If punk fashion has one guiding principle, it’s to be the antithesis of fussy. That doesn’t necessarily mean you have to keep things simple, or even comfortable (although that is one big fringe benefit to the look). Tight or loose, layered or bare-bones, you can’t look like you’re trying too hard.

For ladies, that leaves a lot of room to play around. The default punk shoes are a pair of classic Converse sneakers or thick black boots. Either one can be the perfect start to a variety of outfits, but heels can work too — especially if they’re worn in contrast to a pair of distressed jeans.

Mind you, those jeans are far from your only option. Leggings paired with a studded belt can evoke the more colorful, 80s side of punk, and a red plaid skirt has been the de facto uniform of the punk rock girl for decades.

When it comes to tops, t-shirts are always a great option. This is the time to break out your favorite band concert tee, whether it’s got a few holes in it or not. (And if there aren’t, feel free to make some.) If you want to be daring, you can use that extra ventilation to show a bra strap or two, or you can layer it up by putting that t-shirt under buttoned flannel, an oversized sweater or a worn leather jacket (or all of the above, if it’s warm). To go all in, add some thick chains, leather bracelets or even some fishnets along the arms.

Guys have a lot of options as well, but it usually comes down to two main elements: Leather and denim. That goes for pants as well as jackets, and either one will be complementary to just about any body type. Needless to say, boots and sneakers will work equally work for this kind of getup. Punk was and is about thumbing your nose at convention, so have fun with things. Wear a tie over a tattered tee, and don’t worry if an element clashes here and there. To a certain extent, clashing is what it’s all about.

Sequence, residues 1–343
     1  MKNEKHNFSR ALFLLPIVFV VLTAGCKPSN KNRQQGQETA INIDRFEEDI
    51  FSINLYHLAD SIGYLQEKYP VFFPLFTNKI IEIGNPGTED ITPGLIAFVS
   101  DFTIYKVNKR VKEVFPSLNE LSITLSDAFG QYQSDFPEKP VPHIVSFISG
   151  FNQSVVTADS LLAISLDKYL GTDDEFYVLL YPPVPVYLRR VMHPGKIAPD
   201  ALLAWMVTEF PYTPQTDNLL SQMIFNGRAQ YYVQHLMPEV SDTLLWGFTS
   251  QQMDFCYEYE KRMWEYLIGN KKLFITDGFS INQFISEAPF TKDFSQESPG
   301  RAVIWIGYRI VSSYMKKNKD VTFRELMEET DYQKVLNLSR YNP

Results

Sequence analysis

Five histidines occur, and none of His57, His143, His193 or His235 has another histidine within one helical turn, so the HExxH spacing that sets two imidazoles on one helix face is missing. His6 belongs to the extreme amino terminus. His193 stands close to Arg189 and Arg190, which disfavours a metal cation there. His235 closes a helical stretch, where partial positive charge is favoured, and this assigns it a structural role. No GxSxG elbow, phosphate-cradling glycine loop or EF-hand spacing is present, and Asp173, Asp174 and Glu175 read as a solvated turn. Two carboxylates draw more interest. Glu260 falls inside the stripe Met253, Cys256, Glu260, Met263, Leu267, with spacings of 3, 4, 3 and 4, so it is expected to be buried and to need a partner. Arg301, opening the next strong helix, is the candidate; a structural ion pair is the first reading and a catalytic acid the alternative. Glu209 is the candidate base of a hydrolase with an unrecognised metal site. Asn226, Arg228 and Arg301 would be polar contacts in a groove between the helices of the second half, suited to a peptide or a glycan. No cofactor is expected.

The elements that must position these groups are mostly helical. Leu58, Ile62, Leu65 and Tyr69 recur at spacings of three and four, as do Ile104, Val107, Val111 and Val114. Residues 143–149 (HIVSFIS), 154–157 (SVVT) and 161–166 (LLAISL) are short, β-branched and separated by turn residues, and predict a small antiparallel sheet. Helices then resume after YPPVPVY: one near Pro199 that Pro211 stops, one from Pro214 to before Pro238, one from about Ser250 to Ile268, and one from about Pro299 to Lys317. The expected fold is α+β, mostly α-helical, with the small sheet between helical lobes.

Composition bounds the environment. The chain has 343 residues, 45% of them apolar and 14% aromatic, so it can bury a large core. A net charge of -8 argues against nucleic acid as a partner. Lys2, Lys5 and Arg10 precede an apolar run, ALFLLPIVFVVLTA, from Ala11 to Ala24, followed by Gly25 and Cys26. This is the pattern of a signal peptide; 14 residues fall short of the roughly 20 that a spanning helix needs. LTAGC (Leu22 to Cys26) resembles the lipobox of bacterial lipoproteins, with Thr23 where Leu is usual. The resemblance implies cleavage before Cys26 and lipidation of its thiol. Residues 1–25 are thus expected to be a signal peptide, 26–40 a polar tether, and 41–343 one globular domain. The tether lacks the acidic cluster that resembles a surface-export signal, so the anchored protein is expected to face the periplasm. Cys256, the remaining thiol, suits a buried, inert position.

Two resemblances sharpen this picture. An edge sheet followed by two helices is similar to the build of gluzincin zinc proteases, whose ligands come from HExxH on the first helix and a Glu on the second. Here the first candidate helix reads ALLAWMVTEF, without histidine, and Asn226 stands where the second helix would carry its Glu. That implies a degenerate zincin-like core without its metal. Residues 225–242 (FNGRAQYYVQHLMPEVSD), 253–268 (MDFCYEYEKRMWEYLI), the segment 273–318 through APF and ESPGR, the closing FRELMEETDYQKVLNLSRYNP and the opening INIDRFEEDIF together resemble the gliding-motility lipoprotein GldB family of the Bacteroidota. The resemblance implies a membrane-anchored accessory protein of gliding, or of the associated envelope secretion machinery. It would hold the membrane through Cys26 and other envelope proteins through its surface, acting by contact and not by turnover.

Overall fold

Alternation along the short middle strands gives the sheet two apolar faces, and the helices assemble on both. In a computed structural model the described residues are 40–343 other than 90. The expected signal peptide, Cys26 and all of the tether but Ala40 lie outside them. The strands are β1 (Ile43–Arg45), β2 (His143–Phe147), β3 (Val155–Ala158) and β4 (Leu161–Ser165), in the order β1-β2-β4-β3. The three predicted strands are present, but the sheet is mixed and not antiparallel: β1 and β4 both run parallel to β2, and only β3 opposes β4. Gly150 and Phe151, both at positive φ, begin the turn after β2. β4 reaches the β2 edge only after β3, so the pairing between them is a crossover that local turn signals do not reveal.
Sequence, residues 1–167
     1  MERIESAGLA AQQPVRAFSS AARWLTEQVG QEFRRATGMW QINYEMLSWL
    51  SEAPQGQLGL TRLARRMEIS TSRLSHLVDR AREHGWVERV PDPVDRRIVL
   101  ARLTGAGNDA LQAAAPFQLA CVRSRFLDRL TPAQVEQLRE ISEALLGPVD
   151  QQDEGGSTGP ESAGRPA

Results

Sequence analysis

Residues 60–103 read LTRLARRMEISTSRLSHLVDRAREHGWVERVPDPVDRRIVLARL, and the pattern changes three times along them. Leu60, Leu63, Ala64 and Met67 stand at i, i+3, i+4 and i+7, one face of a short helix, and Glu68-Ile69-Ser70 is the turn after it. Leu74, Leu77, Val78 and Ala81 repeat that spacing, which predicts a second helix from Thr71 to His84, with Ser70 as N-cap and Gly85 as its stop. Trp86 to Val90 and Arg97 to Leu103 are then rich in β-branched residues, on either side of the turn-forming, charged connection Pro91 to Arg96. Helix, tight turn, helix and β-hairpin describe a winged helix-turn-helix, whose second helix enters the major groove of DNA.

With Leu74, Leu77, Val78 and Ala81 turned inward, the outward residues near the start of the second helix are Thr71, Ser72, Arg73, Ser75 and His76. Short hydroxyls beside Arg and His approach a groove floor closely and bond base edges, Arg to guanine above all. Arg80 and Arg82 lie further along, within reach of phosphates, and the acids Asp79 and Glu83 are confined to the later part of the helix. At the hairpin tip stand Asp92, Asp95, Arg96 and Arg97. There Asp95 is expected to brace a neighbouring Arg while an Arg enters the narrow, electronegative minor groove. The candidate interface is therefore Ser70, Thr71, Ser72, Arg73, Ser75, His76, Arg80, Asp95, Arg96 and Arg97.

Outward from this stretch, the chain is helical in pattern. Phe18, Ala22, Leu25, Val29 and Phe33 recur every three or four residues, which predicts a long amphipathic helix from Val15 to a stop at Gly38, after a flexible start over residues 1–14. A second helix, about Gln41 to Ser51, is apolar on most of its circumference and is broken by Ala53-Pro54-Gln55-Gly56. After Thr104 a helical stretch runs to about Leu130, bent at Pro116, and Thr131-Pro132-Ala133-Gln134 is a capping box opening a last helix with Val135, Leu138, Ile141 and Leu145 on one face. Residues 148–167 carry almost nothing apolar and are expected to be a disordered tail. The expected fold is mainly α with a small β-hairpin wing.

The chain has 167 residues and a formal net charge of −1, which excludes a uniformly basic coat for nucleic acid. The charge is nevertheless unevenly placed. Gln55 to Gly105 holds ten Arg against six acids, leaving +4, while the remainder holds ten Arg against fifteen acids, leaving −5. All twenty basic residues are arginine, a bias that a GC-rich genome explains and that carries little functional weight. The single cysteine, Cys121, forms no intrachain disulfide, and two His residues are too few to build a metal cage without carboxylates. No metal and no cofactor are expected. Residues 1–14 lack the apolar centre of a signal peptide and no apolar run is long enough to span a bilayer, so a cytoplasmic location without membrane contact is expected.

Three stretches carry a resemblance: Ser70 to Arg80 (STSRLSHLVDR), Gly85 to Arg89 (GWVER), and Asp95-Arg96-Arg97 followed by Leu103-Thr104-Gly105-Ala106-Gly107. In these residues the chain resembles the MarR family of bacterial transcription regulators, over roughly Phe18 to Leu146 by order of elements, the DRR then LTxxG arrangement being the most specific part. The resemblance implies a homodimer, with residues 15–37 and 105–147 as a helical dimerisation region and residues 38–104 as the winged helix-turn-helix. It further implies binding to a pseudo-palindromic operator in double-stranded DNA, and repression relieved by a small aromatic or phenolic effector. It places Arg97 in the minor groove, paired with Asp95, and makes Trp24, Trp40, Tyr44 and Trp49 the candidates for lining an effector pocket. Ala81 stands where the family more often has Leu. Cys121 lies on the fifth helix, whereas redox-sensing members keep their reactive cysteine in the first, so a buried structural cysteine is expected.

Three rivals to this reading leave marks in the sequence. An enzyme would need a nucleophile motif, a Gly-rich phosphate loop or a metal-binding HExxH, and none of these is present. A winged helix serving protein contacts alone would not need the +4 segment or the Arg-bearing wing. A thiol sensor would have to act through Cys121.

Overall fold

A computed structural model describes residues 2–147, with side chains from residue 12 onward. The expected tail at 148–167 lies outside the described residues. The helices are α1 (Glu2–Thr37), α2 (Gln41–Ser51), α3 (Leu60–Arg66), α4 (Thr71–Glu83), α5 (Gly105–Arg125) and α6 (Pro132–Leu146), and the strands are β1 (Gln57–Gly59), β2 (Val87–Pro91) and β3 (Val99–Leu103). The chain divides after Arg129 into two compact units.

What to Look For

Contrary to what your kids may tell you, the door isn’t closed to punk fashion once you hit your 40s. You just may want to approach it a little more strategically. Women of a certain age may not be able to rock a plaid miniskirt with abandon, but the good thing about black is that it’s slimming and appropriate for just about anybody. The same goes for boots and sneakers. You may not want to go for big holes in the jeans or t-shirt, but using a punk element here and there can add a little edge without losing any dignity.

More to Explore

The earliest punks had one thing in common with the hippies of the 1960s: They both were reactions against materialism. While the hippies turned their backs on it, punk — both in its music and fashion — confronted it with a sneer. Yet ironically, there’s a strong argument that one of the greatest punk bands in history was created largely for the purpose of selling clothes. There’s some dispute as to whether artist and designer Malcolm McLaren created the Sex Pistols or simply took them under his wing after their members started hanging around the SEX clothes boutique he started with his girlfriend Vivienne Westwood. But there’s no denying that McLaren managed them, supplying the stagewear that helped define the Sex Pistols — and punk fashion writ large.